Derivations for two-body kinematics (both relativistic and non-relativistic)

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13 Νοε 2013 (πριν από 3 χρόνια και 8 μήνες)

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Derivations for two-body kinematics
(both relativistic and non-relativistic)
Carl Wheldon
October 18,2013
1 Non-relativistic two-body equations
Starting from energy and momentum conservation,the equations for non-relativistic two-
body reactions are derived both in the laboratory frame and the centre-of-mass frame.The
projectile and target are particles 0 and 1 respectively.The ejectile (scattered projectile-like
species) and recoil (target-like) are particles 2 and 3 respectively.
Momentum conservation:
p
0
= p
2
cos(θ) +p
3
cos(φ)
0 = p
2
sin(θ) −p
3
sin(φ) (1)
Energy conservation:
E
0
+Q
0
= E
2
+E
3
+E
x
= E
tot.
+E
x
(2)
where Q
0
is the Q-value given by Q
0
= m
0
+m
1
−m
2
−m
3
,and E
x
is the excitation energy
of the particles after the reaction.Rearranging equations 1,gives
(p
0
−p
2
cos(θ))
2
= p
2
0
+p
2
2
cos
2
(θ) −2p
0
p
2
cos(θ) = p
2
3
cos
2
(φ)
p
2
2
sin
2
(θ) = p
2
3
sin
2
(φ) (3)
Adding Eqns.3 yields
p
2
0
+p
2
2
−2p
0
p
2
cos(θ) = p
2
3
(4)
Using energy conservation (Eqn.2) and that E =
p
2
2m
,implies
E
tot.

p
2
2
2m
2
=
p
2
3
2m
3
⇒ p
2
3
= 2m
3

E
tot.

p
2
2
2m
2
!
(5)
Substituting the above result into Eqn.4 yields
p
2
2

1 +
m
3
m
2

−p
2
(2p
0
cos(θ)) +

p
2
0
−2m
3
E
tot.

= 0 (6)
which can be solved as with any quadratic equation,using p
2
=
−b±

b
2
−4ac
2a
such that
1
p
2
=
2p
0
cos(θ) ±
r
4p
2
0
cos
2
(θ) −4

1 +
m
3
m
2

(p
2
0
−2m
3
E
tot.
)
2

1 +
m
3
m
2

(7)
Following on from this result the remaining quantities can be calculated.
E
2
=
p
2
2
2m
2
φ = arcsin(
p
2
p
3
sin(θ)) (8)
E
3
= E
tot.
−E
2
p
3
=
q
2m
3
E
3
1.1 Centre-of-mass frame (aka.centre-of-momentum frame)
Starting by calculating the centre-of-mass velocity from momentum conservation
(m
0
+m
1
)v
i
C
= m
0
v
0
(9)
since the net overall momentum is now zero within the centre-of-mass frame,so only the
momentum of the frame must be calculated.Here,v
i
C
is the velocity of the centre-of-mass
in the initial frame and v
0
is the velocity of the beam in the laboratory frame.This will be
different to that in the final frame due to the mass change (i.e.non-zero Q
0
value).Solving
Eqn.9 for v
i
C
gives the expression
v
i
C
=
v
0
m
0
(m
0
+m
1
)
(10)
The velocity of the initial particles is given by
v
C0
= v
0
−v
i
C
= v
0

1 −
m
0
(m
0
+m
1
)
!
=
v
0
m
1
m
0
+m
1
v
C1
= v
1
−v
i
C
= −v
i
C
=
−v
0
m
0
(m
0
+m
1
)
(11)
Momentum conservation before and after the collision can be used to calculate the centre-
of-mass velocity in the final frame,v
f
C
,
(m
0
+m
1
)v
i
C
= (m
2
+m
3
)v
f
C
v
f
C
=
(m
0
+m
1
)
(m
2
+m
3
)
v
i
C
(12)
Using the above expressions it is now possible to write down the equations for the energies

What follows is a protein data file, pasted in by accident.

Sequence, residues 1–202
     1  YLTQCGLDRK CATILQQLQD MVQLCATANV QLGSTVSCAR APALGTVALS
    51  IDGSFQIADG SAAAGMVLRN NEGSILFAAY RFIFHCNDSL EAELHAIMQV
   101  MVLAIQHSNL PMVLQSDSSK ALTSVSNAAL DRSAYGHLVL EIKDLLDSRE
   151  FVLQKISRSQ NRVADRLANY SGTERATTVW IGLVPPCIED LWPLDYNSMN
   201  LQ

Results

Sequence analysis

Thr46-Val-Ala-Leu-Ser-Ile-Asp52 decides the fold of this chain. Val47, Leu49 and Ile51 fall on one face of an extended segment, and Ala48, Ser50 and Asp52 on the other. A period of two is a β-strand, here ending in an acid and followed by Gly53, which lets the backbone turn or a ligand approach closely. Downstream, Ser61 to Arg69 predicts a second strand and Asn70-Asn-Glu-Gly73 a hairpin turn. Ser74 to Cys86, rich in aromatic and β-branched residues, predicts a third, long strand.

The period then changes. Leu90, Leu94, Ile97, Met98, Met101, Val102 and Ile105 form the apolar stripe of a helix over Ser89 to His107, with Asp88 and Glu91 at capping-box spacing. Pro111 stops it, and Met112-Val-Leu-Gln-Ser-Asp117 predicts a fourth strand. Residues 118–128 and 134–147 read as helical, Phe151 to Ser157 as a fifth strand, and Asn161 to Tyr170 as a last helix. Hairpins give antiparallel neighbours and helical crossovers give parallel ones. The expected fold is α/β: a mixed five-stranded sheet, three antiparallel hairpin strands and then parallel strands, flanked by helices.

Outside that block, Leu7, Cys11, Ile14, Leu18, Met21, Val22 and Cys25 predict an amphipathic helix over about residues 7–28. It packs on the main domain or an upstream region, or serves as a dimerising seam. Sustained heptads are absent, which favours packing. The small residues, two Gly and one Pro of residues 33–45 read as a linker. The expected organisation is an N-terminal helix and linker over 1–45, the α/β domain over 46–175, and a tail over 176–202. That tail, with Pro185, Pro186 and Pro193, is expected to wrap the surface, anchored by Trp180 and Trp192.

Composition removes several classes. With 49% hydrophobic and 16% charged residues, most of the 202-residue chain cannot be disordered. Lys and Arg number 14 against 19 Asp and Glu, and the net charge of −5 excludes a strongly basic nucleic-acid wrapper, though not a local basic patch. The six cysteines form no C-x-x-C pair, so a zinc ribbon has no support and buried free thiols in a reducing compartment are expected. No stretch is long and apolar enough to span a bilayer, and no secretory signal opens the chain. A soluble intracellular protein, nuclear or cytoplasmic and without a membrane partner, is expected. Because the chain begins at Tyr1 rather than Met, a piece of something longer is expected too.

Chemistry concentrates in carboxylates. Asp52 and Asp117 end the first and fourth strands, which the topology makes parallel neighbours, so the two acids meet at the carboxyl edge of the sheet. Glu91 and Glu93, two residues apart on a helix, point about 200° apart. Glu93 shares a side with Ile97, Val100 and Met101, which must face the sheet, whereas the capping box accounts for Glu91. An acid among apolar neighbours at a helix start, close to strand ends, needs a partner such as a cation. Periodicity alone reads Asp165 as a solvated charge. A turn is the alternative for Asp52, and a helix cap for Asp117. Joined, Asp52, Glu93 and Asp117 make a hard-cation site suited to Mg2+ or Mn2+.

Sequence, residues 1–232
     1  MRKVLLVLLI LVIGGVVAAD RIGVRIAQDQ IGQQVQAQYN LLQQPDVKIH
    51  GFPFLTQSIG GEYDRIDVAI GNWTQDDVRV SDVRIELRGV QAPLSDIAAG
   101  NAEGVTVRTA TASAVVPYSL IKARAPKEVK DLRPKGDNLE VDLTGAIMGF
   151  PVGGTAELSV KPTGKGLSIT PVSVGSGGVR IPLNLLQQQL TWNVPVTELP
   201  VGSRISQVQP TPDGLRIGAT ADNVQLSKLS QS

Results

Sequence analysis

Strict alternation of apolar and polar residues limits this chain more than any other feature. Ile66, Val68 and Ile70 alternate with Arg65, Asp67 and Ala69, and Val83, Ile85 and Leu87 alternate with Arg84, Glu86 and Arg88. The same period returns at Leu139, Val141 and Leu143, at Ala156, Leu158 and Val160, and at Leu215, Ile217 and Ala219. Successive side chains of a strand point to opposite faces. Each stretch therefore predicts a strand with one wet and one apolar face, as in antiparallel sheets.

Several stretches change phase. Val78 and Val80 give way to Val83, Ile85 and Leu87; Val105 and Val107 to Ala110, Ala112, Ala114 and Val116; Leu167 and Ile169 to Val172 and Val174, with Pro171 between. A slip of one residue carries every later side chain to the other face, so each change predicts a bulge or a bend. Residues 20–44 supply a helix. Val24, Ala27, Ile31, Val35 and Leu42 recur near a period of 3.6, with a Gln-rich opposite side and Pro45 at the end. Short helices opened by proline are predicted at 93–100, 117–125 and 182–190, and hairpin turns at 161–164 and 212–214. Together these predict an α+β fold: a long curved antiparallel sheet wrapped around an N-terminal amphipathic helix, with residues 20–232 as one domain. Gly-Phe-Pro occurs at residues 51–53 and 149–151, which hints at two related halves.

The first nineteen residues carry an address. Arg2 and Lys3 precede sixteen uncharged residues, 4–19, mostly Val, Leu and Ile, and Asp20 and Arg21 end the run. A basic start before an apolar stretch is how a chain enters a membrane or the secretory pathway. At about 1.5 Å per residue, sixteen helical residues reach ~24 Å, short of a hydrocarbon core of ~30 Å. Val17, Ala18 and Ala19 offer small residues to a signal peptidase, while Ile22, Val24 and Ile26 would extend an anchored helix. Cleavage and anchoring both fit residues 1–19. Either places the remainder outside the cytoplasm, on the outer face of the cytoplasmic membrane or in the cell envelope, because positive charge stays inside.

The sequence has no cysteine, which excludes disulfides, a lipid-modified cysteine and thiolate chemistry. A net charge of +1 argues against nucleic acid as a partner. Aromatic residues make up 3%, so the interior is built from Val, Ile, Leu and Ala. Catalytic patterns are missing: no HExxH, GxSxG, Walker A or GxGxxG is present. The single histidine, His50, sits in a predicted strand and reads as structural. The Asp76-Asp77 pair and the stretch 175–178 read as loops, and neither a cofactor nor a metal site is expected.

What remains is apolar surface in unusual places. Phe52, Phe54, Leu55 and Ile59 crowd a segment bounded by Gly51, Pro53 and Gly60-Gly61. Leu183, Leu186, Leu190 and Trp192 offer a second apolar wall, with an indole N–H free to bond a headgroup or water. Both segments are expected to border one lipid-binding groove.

of the particles in the centre-of-mass frame,
E
0
= E
Cin
+E
i
C
= E
C0
+E
C1
+E
i
C
⇒E
Cin
= E
C0
+E
C1
= E
0
−E
i
C
= E
C2
+E
C3
−Q = E
Cout
−Q
E
C0
=
m
0
v
2
C0
2
=

m
1
m
0
+m
1

2
m
0
v
2
0
2
=

m
1
m
0
+m
1

2
E
0
(13)
E
C1
=
m
1
v
2
C1
2
=

m
0
m
0
+m
1

2
m
1
v
2
0
2
=
m
0
m
1
(m
0
+m
1
)
2
E
0
2
Where E
i
C
=
(m
0
+m
1
)(v
i
C
)
2
2
.Note that the latter equations from Eqns.13 are obtained by
using the result from Eqns.11.Now calculating E
Cin
= E
C0
+E
C1
E
Cin
=

m
1
m
0
+m
1

2
E
0
+
m
0
m
1
(m
0
+m
1
)
2
E
0
=
m
2
1
+m
0
m
1
(m
0
+m
1
)
2
E
0
=
m
1
E
0
(m
0
+m
1
)
(14)
Furthermore,
E
Cout
= E
Cin
+Q−E
x
(15)
Now,considering the two out-going particles.The total momentumin the centre-of-mass
frame must be zero.From this point,the energies can be calculated,
p
C2
= p
C3
p
2
C2
= p
2
C3
m
2
2
v
2
C2
2m
2
=
m
2
3
v
2
C3
2m
2
(16)
E
C2
=
m
3
m
2
E
C3
Now an expression for E
Cout
can be obtained,
E
Cout
= E
C2
+E
C3
=
m
3
m
2
E
C3
+E
C3
= (1 +
m
3
m
2
)E
C3
=
(m
2
+m
3
)
m
2
E
C3
(17)
Finally the centre-of-mass angles can be calculated.Note that φ
C
= 180

− θ
C
since
p
C2
+p
C3
= 0.




C

C
f
2
C2
Figure 1:A velocity (v) vector diagram showing the laboratory and centre-of-mass frame
scattering angles,θ and θ
C
respectively.
From Fig.1,the equations for the centre-of-mass frame velocities for the outgoing particles
are
v
C2
cos(θ
C
) = v
2
cos(θ) −v
f
C
v
C2
sin(θ
C
) = v
2
sin(θ) (18)
From Eqns.18,
θ
C
= arctan

v
2
sin(θ)
v
2
cos(θ) −v
f
C
!
(19)
Alternatively,
θ
C
= arccos

v
2
cos(θ) −v
f
C
v
2
!
(20)
3
Further examination of Fig.1 reveals another way of extracting the centre-of-mass scat-
tering angle,θ
C
(often referred to as θ

).
θ
C
= θ

= arctan

p
2
(x)
p
C2
(z)
!
(21)
The quantity p
2
(x) = p
C2
(x) is the x component of momentum and is the same in both
the laboratory and centre-of-mass frames (Eqn.18 and Fig.1).The z component in the
centre-of-mass frame can be obtained from looking at the projections onto the beam-axis in
Fig.1,such that,
v
C2
(z) = v
2
(z) −v
f
C
(22)
Multiplying by m
2
yields the momentum:
p
C2
(z) = p
2
(z) −m
2
v
f
C
(23)
Equations 10 and 12 combined lead to an expression for v
f
C
,
v
f
C
=
(m
0
+m
1
)
(m
2
+m
3
)
v
0
m
0
(m
0
+m
1
)
=
v
0
m
0
(m
2
+m
3
)
=
p
0
(m
2
+m
3
)
(24)
From Eqn.23,the term,p
2
(z),can be rewritten by considering momentum conservation in
the laboratory frame as in Eqn.1,
p
0
= p
2
(z) +p
3
(z) ⇒ p
2
(z) = p
0
−p
3
(z) (25)
Substituting the expressions from Eqns.24 and 25 into Eqn.23 and manipulating gives,
p
C2
(z) = p
0
−p
3
(z) −m
2
p
0
(m
2
+m
3
)
p
C2
(z) = p
0

1 −
m
2
(m
2
+m
3
)
!
−p
3
(z) (26)
Revealing
p
C2
(z) =
m
3
p
0
(m
2
+m
3
)
−p
3
(z) (27)
2 Relativistic two-body equations
As with Section 1,the equations for velocities,scattering angles and energies will be derived,
but this time using the relativistic formalism.The equations for momentum conservation
remain the same as,
p
0
= p
2
cos(θ) +p